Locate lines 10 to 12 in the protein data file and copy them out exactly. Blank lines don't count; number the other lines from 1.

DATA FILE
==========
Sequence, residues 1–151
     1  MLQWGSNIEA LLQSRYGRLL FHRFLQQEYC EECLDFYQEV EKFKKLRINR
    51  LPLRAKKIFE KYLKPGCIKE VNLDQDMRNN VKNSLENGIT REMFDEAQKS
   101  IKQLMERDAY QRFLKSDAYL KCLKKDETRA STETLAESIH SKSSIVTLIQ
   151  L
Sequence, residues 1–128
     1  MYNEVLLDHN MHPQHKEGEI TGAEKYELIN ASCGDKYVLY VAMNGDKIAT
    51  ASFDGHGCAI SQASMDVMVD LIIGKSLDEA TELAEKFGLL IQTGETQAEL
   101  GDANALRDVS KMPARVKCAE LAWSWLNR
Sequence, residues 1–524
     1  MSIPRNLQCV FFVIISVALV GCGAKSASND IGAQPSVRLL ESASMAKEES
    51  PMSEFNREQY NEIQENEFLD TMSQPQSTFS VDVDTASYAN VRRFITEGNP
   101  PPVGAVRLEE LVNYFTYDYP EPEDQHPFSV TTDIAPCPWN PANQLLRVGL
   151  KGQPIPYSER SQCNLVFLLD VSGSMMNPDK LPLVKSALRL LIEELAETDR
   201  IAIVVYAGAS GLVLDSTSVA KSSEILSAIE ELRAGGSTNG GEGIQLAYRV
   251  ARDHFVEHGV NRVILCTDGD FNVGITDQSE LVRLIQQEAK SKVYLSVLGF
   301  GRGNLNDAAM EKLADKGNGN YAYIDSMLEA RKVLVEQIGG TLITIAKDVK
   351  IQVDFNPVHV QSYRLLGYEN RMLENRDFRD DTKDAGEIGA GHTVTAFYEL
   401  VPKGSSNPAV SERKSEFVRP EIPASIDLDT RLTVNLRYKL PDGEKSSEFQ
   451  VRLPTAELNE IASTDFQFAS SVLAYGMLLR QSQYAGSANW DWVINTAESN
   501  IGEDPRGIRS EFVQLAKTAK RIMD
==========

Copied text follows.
Sequence, residues 1–524
     1  MSIPRNLQCV FFVIISVALV GCGAKSASND IGAQPSVRLL ESASMAKEES
    51  PMSEFNREQY NEIQENEFLD TMSQPQSTFS VDVDTASYAN VRRFITEGNP